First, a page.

It is here that we would expect Moses to say: “Yes, Lord! I’ve been waiting on this opportunity for forty years. I was trying to lead your people all those years ago when I killed that Egyptian taskmaster, but things didn’t work out like I thought they would. But if You are ready for me to make another run at it, I’m all in. When do I leave for Egypt?” But that is decidedly not what Moses said. Rather than be quick to take the Lord up on His offer, Moses started dragging his feet and making excuses for why he wasn’t the man for the job. Here is a list of those excuses and God’s response to them:

  • (Exodus 3:11-12): Moses said, “Who am I that I should do this job? I’m nobody.” God responded by saying, “I’ll be with you. I’ll even give you a sign that I truly have chosen you for this assignment. That sign will be: When the whole exodus is said and done, you and the people of Israel will serve Me right here at this same mountain.”
  • (Exodus 3:13-14): Moses said, “I don’t even know Your name. When I go to the people of Israel and they ask me the name of the God who has sent me, what shall I say to them?” God’s answer was, “My name is I AM WHO I AM. Tell them, ‘I AM has sent you.'”
  • (Exodus 4:1-9): Moses said, “But what if they won’t believe that You have sent me or that You have appeared to me?” In response to that, God first told him to throw his rod down on the ground. As the rod was lying there, it became a serpent. When Moses picked it back up, it became a rod again. Second, God told him to stick his hand in his bosom. Moses did, and when he pulled the hand back out it was white with leprosy. Third, God told him to stick his hand in his bosom a second time. Moses did, and when he pulled the hand back out the leprosy was healed. Fourth, God said to him, “And if the people won’t believe these signs, you will take water from the river and that water will become blood on dry land.” All of these miracles would be God’s way of verifying that Moses truly was His handpicked leader.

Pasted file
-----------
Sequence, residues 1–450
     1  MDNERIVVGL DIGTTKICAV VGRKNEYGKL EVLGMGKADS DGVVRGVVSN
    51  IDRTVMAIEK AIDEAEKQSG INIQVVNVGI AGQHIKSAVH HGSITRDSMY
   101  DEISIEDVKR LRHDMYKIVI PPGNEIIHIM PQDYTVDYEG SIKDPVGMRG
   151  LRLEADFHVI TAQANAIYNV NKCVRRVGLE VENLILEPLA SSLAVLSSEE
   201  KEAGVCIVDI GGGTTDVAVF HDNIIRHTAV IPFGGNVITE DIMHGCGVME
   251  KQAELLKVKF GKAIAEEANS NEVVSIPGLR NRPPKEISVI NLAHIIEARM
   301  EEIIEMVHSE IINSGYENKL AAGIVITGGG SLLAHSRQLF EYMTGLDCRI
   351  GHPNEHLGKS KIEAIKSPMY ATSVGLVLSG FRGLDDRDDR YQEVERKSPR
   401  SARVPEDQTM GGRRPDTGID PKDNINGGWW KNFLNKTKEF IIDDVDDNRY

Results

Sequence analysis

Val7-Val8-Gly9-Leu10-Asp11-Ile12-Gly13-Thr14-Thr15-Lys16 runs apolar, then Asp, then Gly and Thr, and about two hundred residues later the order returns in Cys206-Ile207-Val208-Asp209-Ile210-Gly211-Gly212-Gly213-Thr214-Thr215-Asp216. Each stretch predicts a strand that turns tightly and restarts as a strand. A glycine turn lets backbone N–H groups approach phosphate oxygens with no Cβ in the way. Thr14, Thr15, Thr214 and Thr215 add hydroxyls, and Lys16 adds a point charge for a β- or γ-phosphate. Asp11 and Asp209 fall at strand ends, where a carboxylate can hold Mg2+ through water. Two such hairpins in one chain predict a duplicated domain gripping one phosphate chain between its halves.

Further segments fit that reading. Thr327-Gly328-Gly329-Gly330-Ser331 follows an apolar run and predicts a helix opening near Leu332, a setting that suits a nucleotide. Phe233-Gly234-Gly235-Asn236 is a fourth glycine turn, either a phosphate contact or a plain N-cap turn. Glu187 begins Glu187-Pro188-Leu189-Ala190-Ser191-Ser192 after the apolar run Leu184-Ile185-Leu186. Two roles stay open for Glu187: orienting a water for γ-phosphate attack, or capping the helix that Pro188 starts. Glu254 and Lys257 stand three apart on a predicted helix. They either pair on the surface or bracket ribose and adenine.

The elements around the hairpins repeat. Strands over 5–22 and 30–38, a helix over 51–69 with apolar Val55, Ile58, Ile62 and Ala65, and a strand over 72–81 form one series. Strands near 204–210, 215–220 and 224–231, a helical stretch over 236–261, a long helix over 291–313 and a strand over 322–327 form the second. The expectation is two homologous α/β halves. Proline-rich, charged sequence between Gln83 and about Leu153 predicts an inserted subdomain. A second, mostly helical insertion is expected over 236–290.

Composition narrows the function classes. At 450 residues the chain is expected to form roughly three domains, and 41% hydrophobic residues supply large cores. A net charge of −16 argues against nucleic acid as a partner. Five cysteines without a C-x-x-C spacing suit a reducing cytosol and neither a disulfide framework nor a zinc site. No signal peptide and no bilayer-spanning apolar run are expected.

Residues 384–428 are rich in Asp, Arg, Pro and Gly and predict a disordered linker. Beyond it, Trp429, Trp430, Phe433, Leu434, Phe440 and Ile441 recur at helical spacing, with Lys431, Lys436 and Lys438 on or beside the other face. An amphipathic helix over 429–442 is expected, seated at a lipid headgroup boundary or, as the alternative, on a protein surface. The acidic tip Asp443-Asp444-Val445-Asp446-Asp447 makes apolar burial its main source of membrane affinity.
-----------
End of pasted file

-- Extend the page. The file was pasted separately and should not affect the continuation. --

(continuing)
• (Exodus 4:10-12): Moses said, “Lord, I have never been an eloquent speaker.” (By the way, that’s an interesting claim considering that Acts 7:22 indicates that Moses was mighty in words and deeds during his first forty years in Egypt. Was Moses lying to God about not being a good speaker?) But God’s response was, “I am the one who makes everyone’s mouth, and I will be with your mouth and teach you what you should say.”
  • (Exodus 4:13-6): Moses said, “Lord, please send somebody else!” God responded to that by getting angry and agreeing to let Aaron, Moses’ older brother, serve as Moses’ spokesman. God would tell Moses what to say, and Moses would in turn pass those words along to Aaron.

Excuses, excuses. But before we come down too hard on Moses, let’s admit that we oftentimes don’t respond much better than he did to God’s commands. God, of course, doesn’t buy our excuses anymore than He bought those Moses tried to use That’s why I encourage you to stop making yours and just go ahead and bite the bullet by obeying God. I won’t tell you that obedience is always easy, but I will tell you that it is always right. Thankfully for Israel (and the world at large) Moses finally did what God was calling Him to do. Here’s hoping that you do the same in accepting your calling.

This entry was posted in Choices, Courage, Decisions, Discipleship, Dying To Self, Faithfulness, God's Will, God's Work, Leadership, Ministry, Obedience, Series: "Questions From Israel's Exodus", Service, Submission and tagged , , , . Bookmark the permalink.